Auden appears to use very simple images, whereas Donne wrote more complex, extended metaphors and conceits. An interesting example of this is the metaphor of sleep Donne uses in the opening stanza of “The Good-Morrow”. Donne uses a conversational tone and a highly unconventional use of the word “snorted” – this was extremely colloquial for the time it was written. Throughout Auden’s poem, the mood is very raw and simple; it is strongly worded and melancholic. It is clear to the reader that he has lost a lover – “He is Dead”.
The mood throughout Donne’s poem seems strong and intense. It is, rather dramatically, a poem celebrating the love that the narrator and the beautiful woman that Donne describes share. The endings to each of the poems are quite dissimilar – even though they seem to embrace the metaphor of the world. The metaphor of the world and travel that Donne uses is carried on in different sections throughout the last two stanzas. He uses direction (North, South, East and West), maps and explorers to express the feelings he has towards his lover.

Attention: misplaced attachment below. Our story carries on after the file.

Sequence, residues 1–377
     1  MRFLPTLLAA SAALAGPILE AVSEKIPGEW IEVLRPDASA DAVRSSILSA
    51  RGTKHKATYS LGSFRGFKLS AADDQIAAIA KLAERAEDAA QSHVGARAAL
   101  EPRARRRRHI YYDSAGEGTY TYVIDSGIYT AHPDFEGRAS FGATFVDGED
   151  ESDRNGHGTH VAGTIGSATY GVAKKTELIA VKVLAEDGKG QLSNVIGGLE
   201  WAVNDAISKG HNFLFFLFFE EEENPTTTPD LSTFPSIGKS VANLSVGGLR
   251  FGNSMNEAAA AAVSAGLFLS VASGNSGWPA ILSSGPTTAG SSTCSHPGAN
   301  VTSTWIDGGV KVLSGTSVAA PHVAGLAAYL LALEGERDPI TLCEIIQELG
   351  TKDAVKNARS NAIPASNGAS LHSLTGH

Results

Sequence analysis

He describes the North as “sharp” and the West as “declining” i. e. he wants to find a hemisphere where love is perfect – there are no “sharp” quarrels between lovers, and no “decline” of love. He is “clinging on” to the hope that, one day, his love will be immortal, never ceasing. In “The Good-Morrow”, Donne demonstrates the idea of macrocosm and microcosm- which represents “everything” inside a “little room”. It represents the fact that in this little room there is everything he will ever need – his lover.